A Pap test — named for its inventor, George Papanicolaou — is a medical test that can detect a potential case of cervical cancer before it even starts. The test is undoubtedly a life saver. By some estimates, widespread use of the Pap test has cut cervical cancer deaths by 70 percent.
What Happens during a Pap Test?
The test is very simple. You will lie back on a table with your feet in stirrups while a doctor or nurse collects a few cells from your cervix with a tiny brush or swab. The cells are then put on a glass slide that will be sent to a laboratory. The lab will check for abnormal cells that have at least some potential to turn cancerous. The results should come back within about three weeks. If you don’t hear back from your doctor by then, call to double-check on the results.
How Often Should I Have One?
Most women should start having Pap tests (also called Pap smears) around age 21 and then every two years after that. If you’re 30 or over and you’ve had three normal tests in a row, your doctor might recommend spreading out the tests to one every three years. If you’re over 65 and your doctor says you’re at low risk for cervical cancer — perhaps because you’ve had a long history of normal results — you may be able to stop getting the test entirely.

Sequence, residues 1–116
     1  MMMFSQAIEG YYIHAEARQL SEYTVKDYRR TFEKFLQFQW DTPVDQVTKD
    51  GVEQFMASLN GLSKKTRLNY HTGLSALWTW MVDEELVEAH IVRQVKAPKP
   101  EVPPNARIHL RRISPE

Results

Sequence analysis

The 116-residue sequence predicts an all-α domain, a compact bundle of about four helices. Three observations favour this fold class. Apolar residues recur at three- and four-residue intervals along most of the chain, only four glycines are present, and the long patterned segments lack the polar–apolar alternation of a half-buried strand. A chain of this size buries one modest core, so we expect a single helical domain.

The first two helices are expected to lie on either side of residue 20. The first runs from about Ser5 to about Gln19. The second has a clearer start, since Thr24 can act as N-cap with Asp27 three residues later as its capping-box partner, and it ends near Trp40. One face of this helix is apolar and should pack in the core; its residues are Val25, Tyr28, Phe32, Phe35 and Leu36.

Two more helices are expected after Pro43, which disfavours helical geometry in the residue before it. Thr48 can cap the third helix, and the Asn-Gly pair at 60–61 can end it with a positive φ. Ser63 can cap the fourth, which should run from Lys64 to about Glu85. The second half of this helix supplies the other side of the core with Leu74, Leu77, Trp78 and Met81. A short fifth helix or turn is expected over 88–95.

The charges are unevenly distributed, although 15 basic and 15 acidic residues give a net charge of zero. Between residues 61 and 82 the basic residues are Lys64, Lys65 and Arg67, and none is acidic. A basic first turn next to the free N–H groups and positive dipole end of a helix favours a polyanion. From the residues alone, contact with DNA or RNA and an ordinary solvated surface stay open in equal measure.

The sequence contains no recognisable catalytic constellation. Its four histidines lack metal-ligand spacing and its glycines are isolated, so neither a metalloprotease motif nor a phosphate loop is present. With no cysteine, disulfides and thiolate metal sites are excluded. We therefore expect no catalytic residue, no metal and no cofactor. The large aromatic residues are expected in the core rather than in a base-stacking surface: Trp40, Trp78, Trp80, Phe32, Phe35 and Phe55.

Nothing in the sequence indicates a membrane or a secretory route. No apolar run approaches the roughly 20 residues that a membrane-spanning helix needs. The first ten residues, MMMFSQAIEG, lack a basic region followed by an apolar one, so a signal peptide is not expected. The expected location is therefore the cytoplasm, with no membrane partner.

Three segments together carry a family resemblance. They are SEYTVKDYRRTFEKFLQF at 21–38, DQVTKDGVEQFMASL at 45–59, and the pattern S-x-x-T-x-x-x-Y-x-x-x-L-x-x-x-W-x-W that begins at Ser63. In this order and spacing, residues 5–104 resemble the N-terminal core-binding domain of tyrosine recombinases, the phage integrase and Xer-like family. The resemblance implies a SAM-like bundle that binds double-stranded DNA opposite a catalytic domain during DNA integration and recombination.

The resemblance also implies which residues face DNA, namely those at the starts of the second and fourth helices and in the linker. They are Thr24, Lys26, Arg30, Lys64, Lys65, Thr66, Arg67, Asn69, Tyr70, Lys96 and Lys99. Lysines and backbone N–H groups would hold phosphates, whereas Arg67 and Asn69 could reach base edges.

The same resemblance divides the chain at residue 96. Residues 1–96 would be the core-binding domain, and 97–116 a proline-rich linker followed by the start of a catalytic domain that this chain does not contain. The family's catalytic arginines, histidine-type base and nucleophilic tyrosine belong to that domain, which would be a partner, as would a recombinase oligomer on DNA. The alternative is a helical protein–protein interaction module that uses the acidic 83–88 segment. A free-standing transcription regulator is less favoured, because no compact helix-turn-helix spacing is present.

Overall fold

Women at high risk for cervical cancer should get the test every year. You’re considered high risk if any of the following applies to you:
- You’re HIV-positive.
- Your immune system is unusually weak (perhaps as a side effect of medications for an autoimmune disorder)
- You have had abnormal Pap tests that showed precancerous cells
- You’ve had cervical, uterine, vaginal, or vulvar cancer.
Insurance companies often pay for Pap smears as part of an annual pelvic exam. However, some only pay for one test every three years. If you need help paying for the test, call your local women’s clinic or a city health clinic. You might even get the test for free.
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